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  • Author or Editor: Kieran Walsh x
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As a means of strengthening older people’s environmental relationships the age-friendly concept has been applied to communities, cities and larger regions. In the current economic climate, however, enhancing the ageing in place experience is a substantial challenge. The impact of austerity on such experiences has not been considered. There are also questions on how the diversity of people and place and community change intersect to alter the meaning of ageing in place, and how social policy can support such complex interconnections between individuals and place. This chapter explores older people’s relationship with place in the context of policy driven austerity, the economic recession, and the pursuit of age-friendly communities. The chapter demonstrates the worth of exploring how cultural contexts can shape the relationship of such factors. As one of the principle sites of the age-friendly movement, and as a well-documented location of economic recession and austerity, Ireland holds particular relevance to international jurisdictions.

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Chapter 8 examines the dynamics of the implementation process of an age-friendly county programme in one of the participating counties in Ireland, County Fingal. The chapter integrates the views of local, national and international stakeholders to explore the complex interplay of forces at these various levels that have influenced the development and impact of Fingal’s local programme. Findings from empirical research are used to explore the key stakeholders’ motivations and actions that were influential in developing and implementing the programme, and the attitudes, understandings and actions of these same stakeholders that underpin, and are reflected in, the processes established to involve older people in the programme. The chapter concludes by highlighting key issues that need to be addressed to enhance the potential impact of age-friendly community programmes on older adults’ lives.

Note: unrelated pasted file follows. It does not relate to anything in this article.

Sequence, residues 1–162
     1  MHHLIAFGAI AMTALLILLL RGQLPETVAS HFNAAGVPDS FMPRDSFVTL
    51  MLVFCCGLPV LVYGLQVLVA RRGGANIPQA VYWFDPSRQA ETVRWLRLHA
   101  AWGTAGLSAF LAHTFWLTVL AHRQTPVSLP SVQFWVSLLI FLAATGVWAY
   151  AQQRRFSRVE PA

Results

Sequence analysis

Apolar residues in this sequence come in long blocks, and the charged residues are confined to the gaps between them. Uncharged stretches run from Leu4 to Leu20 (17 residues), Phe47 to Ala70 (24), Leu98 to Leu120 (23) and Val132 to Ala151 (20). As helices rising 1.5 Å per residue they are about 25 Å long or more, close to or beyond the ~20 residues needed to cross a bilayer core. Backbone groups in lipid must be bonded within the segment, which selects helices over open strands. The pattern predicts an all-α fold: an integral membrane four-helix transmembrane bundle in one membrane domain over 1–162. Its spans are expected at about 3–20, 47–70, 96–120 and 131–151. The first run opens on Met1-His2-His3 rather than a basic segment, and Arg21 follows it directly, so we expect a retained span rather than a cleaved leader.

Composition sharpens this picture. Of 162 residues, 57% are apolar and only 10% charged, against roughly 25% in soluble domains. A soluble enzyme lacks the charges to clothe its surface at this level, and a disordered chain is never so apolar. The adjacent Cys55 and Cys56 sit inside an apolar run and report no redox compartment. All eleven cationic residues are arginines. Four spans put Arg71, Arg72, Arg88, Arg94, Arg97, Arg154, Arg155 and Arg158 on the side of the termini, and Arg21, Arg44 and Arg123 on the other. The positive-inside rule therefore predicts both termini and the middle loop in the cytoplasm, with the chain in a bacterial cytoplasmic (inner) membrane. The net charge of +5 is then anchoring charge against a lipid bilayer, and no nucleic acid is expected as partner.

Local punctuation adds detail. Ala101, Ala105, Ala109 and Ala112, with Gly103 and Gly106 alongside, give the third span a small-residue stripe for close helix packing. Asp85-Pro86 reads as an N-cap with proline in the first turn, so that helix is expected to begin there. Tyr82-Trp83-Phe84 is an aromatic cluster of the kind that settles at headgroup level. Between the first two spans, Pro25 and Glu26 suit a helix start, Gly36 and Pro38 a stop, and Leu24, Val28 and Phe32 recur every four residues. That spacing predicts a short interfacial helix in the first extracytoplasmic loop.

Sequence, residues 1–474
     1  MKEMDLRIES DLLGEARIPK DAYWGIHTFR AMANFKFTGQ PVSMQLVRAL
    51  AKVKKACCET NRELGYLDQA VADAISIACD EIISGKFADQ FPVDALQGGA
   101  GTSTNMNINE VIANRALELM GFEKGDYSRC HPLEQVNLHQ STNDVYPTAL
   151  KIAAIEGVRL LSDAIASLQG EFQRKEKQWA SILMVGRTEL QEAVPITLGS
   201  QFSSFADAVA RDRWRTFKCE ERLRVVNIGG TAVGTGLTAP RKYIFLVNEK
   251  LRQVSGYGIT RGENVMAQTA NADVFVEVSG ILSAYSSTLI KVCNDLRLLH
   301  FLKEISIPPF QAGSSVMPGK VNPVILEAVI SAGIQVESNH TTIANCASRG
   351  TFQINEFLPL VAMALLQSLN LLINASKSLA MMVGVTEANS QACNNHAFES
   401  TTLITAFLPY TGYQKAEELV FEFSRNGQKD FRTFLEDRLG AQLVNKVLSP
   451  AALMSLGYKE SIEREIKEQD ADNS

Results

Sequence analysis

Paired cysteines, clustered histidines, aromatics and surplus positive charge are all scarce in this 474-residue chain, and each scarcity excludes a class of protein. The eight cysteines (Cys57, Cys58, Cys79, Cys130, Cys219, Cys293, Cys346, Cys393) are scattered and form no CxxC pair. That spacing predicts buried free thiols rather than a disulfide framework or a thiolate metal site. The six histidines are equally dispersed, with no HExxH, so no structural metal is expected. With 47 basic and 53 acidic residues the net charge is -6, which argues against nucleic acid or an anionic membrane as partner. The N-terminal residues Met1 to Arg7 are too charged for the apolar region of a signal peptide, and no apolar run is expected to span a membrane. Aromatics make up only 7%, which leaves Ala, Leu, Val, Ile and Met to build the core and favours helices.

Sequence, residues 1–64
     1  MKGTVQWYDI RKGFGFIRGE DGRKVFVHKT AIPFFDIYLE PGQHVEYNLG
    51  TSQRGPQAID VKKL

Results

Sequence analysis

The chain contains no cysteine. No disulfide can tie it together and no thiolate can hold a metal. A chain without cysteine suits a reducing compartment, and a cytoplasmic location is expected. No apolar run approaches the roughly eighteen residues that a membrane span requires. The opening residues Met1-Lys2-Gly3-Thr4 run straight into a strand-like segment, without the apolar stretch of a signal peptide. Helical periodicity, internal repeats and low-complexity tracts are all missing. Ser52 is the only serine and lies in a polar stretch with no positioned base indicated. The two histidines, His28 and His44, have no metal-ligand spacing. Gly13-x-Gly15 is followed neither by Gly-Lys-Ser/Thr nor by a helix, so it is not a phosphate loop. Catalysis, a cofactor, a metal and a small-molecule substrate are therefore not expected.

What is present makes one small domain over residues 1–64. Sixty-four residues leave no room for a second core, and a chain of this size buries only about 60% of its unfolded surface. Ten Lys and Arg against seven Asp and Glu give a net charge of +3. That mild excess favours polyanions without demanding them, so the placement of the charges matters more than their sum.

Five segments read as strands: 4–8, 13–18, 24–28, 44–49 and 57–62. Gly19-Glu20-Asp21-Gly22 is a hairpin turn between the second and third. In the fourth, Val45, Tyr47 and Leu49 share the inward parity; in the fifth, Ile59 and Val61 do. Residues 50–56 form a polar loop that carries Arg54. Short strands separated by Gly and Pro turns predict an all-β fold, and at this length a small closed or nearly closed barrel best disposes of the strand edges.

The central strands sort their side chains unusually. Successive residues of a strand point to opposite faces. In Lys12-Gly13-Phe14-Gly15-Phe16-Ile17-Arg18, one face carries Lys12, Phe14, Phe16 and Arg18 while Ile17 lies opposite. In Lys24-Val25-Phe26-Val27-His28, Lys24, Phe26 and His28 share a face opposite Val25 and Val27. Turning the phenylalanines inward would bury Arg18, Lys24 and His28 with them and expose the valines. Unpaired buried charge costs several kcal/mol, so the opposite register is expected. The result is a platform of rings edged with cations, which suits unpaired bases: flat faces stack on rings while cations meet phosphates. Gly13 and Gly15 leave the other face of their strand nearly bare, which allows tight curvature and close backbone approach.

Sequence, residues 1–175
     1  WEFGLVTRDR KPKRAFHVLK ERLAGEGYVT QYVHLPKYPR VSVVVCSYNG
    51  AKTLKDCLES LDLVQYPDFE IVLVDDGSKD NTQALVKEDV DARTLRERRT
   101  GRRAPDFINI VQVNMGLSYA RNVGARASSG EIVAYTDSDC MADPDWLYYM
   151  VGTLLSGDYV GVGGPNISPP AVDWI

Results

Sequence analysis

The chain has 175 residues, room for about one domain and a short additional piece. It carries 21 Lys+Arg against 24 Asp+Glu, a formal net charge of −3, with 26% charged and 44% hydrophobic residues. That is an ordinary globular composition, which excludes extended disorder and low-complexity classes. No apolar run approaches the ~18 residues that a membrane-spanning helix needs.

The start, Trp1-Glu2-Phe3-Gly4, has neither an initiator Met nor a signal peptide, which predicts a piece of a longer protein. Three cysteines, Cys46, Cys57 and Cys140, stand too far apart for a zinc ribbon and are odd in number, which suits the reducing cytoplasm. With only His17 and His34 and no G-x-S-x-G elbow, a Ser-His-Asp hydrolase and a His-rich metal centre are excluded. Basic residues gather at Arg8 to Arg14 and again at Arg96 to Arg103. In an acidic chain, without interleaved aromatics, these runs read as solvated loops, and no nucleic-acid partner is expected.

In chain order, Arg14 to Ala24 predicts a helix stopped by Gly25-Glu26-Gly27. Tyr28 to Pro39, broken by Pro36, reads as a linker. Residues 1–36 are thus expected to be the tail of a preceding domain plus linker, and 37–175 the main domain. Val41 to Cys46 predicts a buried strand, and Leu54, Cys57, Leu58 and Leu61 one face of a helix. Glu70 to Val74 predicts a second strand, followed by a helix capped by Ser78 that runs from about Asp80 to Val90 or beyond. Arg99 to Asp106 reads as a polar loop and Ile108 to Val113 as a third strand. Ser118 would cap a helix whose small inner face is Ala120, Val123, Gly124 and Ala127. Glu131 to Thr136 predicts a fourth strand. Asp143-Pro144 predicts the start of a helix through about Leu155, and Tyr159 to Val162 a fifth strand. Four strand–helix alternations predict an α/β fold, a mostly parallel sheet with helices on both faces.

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The way we think about older people’s lives at the intersection of dementia and rurality, and our recognition of the importance of their world, is crucial to ensuring the delivery of more effective public supports that can enable them to realise full personhood and citizenship, connected to the people that they love and the places where they live. This chapter uses a social exclusion conceptual framework to unpack complex and multiple challenges facing rural older people with dementia and highlights the importance of adopting a multifaceted holistic approach to support full societal participation. The analysis provides an argument for the recalibration of current dementia policy towards a genuine social production model for rural dwelling people with dementia; one that focuses on supporting them to continue to enjoy active and connected lives in rural communities through practical social policies, such as additional home supports, innovative psychosocial provision and integrated transport arrangements.